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All these fake "new downtowns" in Mississauga, Vaughn, whatever just have like massive boulevards that are practically urban freeways. The public realm is just overall awful most of the time. The car is still king despite an attempt at urbanism. It is truly the Dubai school of urban planning...
University avenue and lakeshore are practically urban free ways as well. The point is the car is king in Toronto as well. You guys are burying a lrt in eglinton west because guess what the car is king. Sheppard east lrt is cancelled because car is king in Scarborough. Don’t act too pretentious. Toronto isn’t exactly old Quebec City. A large part of it is pretty dang car centric.
 

khaldoon

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All these fake "new downtowns" in Mississauga, Vaughn, whatever just have like massive boulevards that are practically urban freeways. The public realm is just overall awful most of the time. The car is still king despite an attempt at urbanism. It is truly the Dubai school of urban planning...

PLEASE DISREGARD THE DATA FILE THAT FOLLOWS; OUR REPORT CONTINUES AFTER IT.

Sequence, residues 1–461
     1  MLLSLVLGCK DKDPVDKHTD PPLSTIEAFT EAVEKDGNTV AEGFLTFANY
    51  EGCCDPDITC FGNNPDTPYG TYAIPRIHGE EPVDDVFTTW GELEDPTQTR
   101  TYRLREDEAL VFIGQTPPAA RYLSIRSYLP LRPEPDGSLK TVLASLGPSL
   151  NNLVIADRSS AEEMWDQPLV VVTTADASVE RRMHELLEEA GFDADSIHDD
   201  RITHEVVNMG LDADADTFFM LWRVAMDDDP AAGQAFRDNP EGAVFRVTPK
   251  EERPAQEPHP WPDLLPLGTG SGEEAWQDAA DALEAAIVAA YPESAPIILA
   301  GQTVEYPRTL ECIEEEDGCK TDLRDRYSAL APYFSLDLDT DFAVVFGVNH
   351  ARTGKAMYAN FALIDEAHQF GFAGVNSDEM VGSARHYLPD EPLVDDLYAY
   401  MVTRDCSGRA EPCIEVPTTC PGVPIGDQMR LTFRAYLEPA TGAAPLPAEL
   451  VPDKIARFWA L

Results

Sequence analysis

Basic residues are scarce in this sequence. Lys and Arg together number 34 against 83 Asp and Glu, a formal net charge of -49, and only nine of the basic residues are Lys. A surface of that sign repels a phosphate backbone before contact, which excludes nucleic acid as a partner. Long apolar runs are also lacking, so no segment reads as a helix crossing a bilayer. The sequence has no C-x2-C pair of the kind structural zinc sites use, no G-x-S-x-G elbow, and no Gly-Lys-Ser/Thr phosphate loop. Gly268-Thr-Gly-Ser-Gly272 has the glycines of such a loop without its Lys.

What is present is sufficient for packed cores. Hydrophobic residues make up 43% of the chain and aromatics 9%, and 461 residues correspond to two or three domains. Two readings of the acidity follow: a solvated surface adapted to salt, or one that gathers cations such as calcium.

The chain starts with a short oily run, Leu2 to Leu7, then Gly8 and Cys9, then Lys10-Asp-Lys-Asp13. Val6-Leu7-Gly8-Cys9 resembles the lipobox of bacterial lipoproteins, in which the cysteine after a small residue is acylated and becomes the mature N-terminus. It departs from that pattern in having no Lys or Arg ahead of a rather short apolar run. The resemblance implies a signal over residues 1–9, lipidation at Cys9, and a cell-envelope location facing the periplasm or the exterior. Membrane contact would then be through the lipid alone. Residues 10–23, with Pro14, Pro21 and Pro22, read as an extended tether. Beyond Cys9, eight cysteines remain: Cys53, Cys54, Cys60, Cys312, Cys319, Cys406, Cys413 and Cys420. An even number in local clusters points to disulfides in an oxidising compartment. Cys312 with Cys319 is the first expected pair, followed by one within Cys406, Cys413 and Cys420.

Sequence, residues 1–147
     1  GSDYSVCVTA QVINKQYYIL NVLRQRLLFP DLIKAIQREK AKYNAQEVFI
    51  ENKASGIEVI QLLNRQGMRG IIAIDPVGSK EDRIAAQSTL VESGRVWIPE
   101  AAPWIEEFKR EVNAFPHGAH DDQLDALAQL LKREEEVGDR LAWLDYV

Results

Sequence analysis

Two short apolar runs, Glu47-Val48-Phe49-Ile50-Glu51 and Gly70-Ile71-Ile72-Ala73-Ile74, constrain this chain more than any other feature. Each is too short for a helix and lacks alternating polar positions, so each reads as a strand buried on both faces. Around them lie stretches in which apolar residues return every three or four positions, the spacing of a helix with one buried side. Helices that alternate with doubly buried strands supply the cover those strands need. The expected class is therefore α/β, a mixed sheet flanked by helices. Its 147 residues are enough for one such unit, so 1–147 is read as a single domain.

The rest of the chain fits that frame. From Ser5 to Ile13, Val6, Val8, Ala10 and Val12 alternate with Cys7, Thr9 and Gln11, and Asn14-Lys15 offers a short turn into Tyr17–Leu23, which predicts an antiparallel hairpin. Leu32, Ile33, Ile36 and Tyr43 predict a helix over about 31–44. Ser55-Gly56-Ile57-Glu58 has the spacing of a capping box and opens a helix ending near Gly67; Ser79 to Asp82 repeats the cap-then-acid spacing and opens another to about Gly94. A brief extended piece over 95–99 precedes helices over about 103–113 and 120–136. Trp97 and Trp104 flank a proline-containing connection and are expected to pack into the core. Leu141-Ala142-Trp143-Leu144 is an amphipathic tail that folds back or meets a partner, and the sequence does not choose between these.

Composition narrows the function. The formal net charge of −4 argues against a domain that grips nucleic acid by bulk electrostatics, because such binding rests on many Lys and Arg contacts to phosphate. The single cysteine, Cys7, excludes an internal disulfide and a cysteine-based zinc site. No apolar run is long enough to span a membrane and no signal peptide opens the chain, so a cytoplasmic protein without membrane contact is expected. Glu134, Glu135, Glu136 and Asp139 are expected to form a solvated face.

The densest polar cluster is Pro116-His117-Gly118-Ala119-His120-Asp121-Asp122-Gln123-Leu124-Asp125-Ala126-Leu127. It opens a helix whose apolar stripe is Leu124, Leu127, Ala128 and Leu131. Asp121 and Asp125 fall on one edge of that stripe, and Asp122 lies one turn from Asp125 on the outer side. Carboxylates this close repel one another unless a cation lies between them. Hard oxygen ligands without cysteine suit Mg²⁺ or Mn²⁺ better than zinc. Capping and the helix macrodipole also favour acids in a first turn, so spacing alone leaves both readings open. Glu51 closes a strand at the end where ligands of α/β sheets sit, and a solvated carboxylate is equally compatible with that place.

Though I mostly agree, you have to consider that downtowns are not built overnight or in one step. You can’t compare these fledging cities with Toronto or other older cities. Mississauga has started attempting to do this only ~ 20 years ago and you can see some slow progress west of square one to Confederation pkwy.
 

sixrings

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Port Credit, like other similar historical lakefront ports (Oakville, Burlington to the west) we’re founded when boat access was the only high speed connection between centres and are now constrained by historical geography - rivers, the major railroads that followed settlement, the Developement of suburbs and the major highways (QEW) and historical neighbourhoods. And yes, you will encounter a body of the neighbourhood that is resistant to change. So change does move at a slower pace but it is happening. Port Credit and Burlington are examples.